Pentagon proposes Taiwanese arms sale

Saturday, January 30, 2010

The deal would include sixty Black Hawk helicopters.

The US Department of Defense has notified Congress of a potential arms sale to Taiwan, with a value of $6 billion, that was first pledged by the Bush administration.

The deal, that would include helicopters and anti-missile defences, angered China, who stated that the move would "seriously damage" US–China relations, as Beijing considers the island to be a break-away province of China, having split away after civil war in 1949.

There is a stand-off between China and Taiwan. China has a large number of weapons aimed at Taiwan, and has threatened to use them in the past. Taiwan denounces this, warning that, if 1,500 missiles were not removed, relations between the two nations would deteriorate.

The act of notifying Congress is a legal requirement and does not mean that the sale will go ahead. A thirty-day deadline is in place for politicians to decide on the proposition before it goes ahead. In a statement, the Pentagon listed the items being negotiated over, including 114 Patriot missiles and sixty helicopters. It will also include two minesweepers. The US is the main arms supplier for Taiwan.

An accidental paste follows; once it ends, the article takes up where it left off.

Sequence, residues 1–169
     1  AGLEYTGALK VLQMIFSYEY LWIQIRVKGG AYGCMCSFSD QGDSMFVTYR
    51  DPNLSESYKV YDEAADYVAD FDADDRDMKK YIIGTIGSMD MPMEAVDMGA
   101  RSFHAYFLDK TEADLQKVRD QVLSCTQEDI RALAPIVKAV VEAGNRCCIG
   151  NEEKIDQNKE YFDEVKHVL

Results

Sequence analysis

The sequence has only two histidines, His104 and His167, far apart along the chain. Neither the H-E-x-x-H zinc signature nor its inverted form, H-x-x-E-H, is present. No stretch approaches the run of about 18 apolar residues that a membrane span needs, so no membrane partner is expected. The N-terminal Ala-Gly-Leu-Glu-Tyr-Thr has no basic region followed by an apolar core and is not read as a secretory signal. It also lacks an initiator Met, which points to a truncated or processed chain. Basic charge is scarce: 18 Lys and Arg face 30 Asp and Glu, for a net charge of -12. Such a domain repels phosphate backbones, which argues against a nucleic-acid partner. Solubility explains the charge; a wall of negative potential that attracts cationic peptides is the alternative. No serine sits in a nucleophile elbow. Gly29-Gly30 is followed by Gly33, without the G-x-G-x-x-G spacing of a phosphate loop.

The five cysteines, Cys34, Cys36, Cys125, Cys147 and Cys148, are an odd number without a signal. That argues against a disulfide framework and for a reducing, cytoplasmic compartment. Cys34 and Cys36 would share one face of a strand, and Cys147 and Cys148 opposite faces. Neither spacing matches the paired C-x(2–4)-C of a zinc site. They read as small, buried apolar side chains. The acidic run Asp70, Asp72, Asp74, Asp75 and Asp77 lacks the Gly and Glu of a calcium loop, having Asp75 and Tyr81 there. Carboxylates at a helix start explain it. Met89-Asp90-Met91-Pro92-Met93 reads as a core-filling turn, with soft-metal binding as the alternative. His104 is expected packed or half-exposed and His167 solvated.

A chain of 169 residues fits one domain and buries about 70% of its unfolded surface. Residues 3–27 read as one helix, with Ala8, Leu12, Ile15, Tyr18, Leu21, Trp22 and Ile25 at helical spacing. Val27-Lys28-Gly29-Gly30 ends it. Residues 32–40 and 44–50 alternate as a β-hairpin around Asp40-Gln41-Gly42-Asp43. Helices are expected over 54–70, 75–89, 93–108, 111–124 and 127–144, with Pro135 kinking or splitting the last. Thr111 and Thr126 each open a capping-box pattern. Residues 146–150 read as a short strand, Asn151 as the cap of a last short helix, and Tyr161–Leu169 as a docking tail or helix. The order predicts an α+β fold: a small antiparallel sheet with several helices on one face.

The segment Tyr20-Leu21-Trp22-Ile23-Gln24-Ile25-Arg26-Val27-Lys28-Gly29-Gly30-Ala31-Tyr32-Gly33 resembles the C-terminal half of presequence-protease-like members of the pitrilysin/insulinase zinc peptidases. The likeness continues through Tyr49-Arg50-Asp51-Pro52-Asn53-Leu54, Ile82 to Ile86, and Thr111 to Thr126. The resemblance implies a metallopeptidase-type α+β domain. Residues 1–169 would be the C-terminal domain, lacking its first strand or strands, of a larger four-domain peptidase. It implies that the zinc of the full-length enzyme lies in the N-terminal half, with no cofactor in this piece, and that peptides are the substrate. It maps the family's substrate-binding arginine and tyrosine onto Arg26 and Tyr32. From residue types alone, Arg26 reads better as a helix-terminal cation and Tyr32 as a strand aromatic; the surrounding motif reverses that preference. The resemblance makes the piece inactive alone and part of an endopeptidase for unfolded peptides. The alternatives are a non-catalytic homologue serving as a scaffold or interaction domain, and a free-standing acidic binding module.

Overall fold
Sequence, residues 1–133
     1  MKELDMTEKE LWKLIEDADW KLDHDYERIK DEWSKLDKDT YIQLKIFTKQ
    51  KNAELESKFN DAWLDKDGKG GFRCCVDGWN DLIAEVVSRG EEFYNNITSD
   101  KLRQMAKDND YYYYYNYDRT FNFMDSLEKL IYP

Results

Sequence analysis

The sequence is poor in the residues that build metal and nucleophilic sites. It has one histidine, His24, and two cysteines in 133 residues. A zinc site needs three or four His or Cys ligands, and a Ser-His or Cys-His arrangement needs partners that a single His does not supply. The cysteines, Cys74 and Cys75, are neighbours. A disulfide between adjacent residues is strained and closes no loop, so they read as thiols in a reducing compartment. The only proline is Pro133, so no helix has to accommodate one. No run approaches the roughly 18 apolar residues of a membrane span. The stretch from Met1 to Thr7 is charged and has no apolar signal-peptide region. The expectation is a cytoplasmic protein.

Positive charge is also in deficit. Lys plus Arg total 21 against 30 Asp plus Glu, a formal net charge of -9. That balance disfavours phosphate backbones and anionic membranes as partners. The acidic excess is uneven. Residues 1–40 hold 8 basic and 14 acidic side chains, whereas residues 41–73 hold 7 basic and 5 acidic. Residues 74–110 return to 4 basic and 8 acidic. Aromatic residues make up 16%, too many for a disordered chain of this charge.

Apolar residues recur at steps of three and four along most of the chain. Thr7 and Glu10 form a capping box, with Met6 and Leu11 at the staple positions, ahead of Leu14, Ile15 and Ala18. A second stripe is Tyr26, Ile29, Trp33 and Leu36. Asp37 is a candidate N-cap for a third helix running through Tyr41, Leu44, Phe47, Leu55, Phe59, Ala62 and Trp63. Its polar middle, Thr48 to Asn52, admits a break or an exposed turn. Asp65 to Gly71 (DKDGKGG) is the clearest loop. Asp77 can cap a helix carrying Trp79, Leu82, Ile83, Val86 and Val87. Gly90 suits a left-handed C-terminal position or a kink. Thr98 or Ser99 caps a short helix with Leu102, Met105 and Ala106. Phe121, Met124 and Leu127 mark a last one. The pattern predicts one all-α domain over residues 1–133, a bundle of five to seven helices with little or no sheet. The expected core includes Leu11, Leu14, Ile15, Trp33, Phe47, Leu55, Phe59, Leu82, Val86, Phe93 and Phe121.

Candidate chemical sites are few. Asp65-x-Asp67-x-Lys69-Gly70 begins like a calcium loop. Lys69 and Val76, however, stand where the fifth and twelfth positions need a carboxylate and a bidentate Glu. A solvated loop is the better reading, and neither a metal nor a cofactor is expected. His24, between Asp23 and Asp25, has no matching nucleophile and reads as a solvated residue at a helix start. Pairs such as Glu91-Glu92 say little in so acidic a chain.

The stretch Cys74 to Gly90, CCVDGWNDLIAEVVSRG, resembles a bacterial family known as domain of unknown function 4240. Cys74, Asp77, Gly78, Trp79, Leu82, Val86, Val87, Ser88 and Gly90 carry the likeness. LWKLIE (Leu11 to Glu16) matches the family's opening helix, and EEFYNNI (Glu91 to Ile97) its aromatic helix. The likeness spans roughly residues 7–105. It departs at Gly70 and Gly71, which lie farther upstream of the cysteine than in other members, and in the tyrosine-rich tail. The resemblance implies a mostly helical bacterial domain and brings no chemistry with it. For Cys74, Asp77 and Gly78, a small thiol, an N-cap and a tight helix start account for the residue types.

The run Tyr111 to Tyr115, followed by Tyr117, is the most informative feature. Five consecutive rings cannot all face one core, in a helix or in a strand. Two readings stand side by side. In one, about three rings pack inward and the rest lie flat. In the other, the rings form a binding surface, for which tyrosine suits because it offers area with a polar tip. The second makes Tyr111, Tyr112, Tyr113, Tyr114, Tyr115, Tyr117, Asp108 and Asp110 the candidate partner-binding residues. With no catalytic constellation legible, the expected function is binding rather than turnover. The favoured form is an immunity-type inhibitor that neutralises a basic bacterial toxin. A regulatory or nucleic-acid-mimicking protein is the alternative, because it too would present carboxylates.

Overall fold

General James L. Jones, the National Security Advisor for the Obama administration, said that China had been fully consulted about the deal. "We all recognise that there are certain things that countries will do periodically that may not make everybody completely happy," he stated. However, he maintained that the US was "bent towards a new relationship" between themselves and China.

A spokesman for the Chinese embassy in Washington, D.C., Wang Baodong, said yesterday that the arms sale was a "gross intervention into China's internal affairs". He went on to assert that the trade "seriously endangers China's national security".

Ties between the United States and China, already stretched by the recent row over internet censorship, in which Google threatened to withdraw its presence in the country, have been strained by the announcement. China maintains, according to a press release on 22 January, that the Internet in their country is "open", with the "most vibrant" sites based in China. Beijing wishes the United States to "respect each other's core interest", and to "ensure the healthy stable development" of their relationship.